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Tamara Lanier is suing Harvard University for its continued use of an image of a father and daughter who she believes are her ancestors, her great-great-great aunt Delia Taylor, who is approximately 17-18 in the photo, and her great-great-great grandfather Renty Taylor, who is approximately 60-65 in the photos.

All her life, Tamara Lanier heard stories about an enslaved ancestor named Renty. A few years ago, the Norwich resident started researching her family history and has since unearthed genealogical evidence she believes proves she is a descendant of Renty, an African-born slave who labored on a South Carolina plantation. Now, the retired state chief probation officer is on a mission to reclaim a piece of her legacy. She’s suing Harvard University for ownership of photos taken in 1850 of Renty and his daughter Delia. The daguerreotype images were commissioned by Louis Agassiz, a Swiss-born Harvard professor and pioneering zoologist. They were part of Agassiz’s efforts to support the racist theory of polygenesis, which argued that black and white people descended from different origins.

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I understand your mother would tell stories about Renty.

The thing that she was most proud of was the fact that Renty was literate. And not only did he embrace literacy, but he would teach others to read if they had a desire to do so.

Did she talk about how he learned to read?

She told me about The Blue Back Speller [a popular spelling book published by Connecticut’s Noah Webster], which the slaves referred to as The Blue Back Webster. One of the things she said was finishing it — it wasn’t a class, but the way the slaves phrased it was “finishing” — she said finishing The Blue Back Webster was like what we would consider a Ph.D. today in terms of what the value of that meant to enslaved people. Because Papa Renty finished a Blue Back Webster, that made him kind of a respected person.

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The photographs of Renty and Delia were taken in Columbia, South Carolina when both individuals were enslaved in 1850. They were commissioned by Louis Agassiz, a Swiss-born zoologist and Harvard professor, who was a proponent of a discredited and racist theory that black and white people had separate origins, and black's were intellectually and physically inferior.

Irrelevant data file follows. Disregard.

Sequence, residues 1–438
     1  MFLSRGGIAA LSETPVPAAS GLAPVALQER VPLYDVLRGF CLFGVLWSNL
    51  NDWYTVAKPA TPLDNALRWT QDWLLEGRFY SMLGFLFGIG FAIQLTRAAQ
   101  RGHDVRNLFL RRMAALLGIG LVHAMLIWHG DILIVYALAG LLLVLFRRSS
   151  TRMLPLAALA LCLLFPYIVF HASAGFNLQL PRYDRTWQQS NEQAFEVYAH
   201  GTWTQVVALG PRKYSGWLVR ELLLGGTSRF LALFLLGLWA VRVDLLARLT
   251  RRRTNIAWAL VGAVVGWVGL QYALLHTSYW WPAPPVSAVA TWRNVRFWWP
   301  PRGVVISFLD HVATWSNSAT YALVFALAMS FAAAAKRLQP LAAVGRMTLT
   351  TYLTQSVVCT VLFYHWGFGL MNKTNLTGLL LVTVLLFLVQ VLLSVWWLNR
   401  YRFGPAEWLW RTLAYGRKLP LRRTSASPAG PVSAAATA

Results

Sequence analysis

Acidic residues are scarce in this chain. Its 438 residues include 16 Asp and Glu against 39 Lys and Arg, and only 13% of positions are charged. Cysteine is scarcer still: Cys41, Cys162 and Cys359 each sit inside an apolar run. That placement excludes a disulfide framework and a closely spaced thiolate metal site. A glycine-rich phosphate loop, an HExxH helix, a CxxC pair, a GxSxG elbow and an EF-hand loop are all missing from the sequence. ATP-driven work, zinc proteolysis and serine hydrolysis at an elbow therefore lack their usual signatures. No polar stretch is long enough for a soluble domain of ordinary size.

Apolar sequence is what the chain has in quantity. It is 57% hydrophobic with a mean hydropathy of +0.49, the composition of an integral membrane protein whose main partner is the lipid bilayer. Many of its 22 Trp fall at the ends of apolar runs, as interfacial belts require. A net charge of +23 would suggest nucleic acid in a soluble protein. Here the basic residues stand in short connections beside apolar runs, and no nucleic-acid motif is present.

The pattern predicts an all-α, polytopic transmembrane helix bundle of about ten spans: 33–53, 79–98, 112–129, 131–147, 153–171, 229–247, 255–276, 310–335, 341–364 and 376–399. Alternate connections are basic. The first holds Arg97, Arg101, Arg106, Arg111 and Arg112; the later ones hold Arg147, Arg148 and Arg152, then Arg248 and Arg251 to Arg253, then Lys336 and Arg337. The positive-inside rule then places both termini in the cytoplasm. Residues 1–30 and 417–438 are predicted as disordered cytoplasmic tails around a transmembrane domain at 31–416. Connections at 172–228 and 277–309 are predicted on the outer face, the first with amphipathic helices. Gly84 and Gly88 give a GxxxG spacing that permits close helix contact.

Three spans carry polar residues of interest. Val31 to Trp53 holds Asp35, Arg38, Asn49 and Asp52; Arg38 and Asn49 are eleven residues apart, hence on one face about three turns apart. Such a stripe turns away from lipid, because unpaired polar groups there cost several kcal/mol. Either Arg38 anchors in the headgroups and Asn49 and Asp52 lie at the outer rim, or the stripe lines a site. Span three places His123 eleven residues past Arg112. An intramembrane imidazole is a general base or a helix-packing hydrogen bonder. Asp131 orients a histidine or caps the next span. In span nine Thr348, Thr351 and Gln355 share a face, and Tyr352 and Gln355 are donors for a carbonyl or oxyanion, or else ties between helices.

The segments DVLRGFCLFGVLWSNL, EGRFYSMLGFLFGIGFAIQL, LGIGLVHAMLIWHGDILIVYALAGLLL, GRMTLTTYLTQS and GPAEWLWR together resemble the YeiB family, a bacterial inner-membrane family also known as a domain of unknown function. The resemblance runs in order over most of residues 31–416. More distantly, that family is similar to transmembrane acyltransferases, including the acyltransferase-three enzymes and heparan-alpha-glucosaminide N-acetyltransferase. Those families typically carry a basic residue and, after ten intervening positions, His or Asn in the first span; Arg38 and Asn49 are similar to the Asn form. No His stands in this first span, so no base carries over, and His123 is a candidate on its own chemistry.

And other enslaved people also learned to read this way?

Typically we’re taught that slaves were illiterate. Based on my oral history, there’s a part of me that wants to embrace the fact that that’s questionable. My family knew how to read, but that was something they couldn’t publicly talk about.

Prior to filing a lawsuit against Harvard you reached out to them. What happened?

Throughout the piecing of this together, I would routinely reach out to Harvard and say, “Hey, I have great news. I know who this man is in the image. I know his history.” Most important to me was the literacy piece, because not only was that so important to my mom, but it also became important to me because of Louis Agassiz’s narrative, his propaganda. … Renty’s literacy turns Agassiz’s science on its head. I asked that they tell the true story as to who this man was and not leave the false narrative of Louis Agassiz’s unaddressed or unchecked. I would say that often and never got any real response from Harvard.

As part of this saga you ultimately connected with some of Agassiz’s descendants who have publicly supported your case against Harvard. How did that come about?

There was a part of me that was very sensitive to attacks and criticism. When these stories would run in the newspaper, I would say 95 percent of the comments and the feedback were overwhelmingly positive and supportive, but then there was this small percentage of people who were just hateful. Even though they were just a small percentage of the responses, that’s what resonated with me: the hate instead of the encouragement. I remember thinking, Why am I trying to find Louis Agassiz’s grandchildren? His hatred was so infectious, was so toxic, that my fear was that he would have poisoned his children. So I stopped looking.

Then a New York Times story ran about your lawsuit with Harvard, right?

When the New York Times story broke, the positive support was even greater. Ninety-eight percent of the responses were so encouraging, but at some point I considered deleting all my social media because the hatred was so ugly. I came across a message from Marian [Shaw Moore], a great-great-great-granddaughter of Louis Agassiz. I didn’t know whether this was another ploy, or if this was a legitimate attempt by one of his descendants to reach out to me. Something said, “Give her a call.” When she said “hello,” I could tell in the patience in her voice that she was legitimate. Then as we talked I was just amazed. As she described more about who she was and who her family is, I was really floored. Her entire family, they have lived lives of giving back and just giving in general. Everything that she has done, her sisters have done, her family has done, is about uplifting others and encouraging others. We couldn’t be closer than sisters at this point.

This article appeared in the May 2020 issue of Connecticut Magazine. You can subscribe here, or find the current issue on sale hereSign up for our newsletter to get the latest and greatest content from Connecticut Magazine delivered right to your inbox. Got a question or comment? Email editor@connecticutmag.com. And follow us on Facebook and Instagram@connecticutmagazine and Twitter @connecticutmag.

The senior writer at Connecticut Magazine, Erik is the co-author of Penguin Random House’s “The Good Vices” and author of “Buzzed” and “Gillette Castle.” He is also an adjunct professor at WCSU’s MFA Program and Quinnipiac University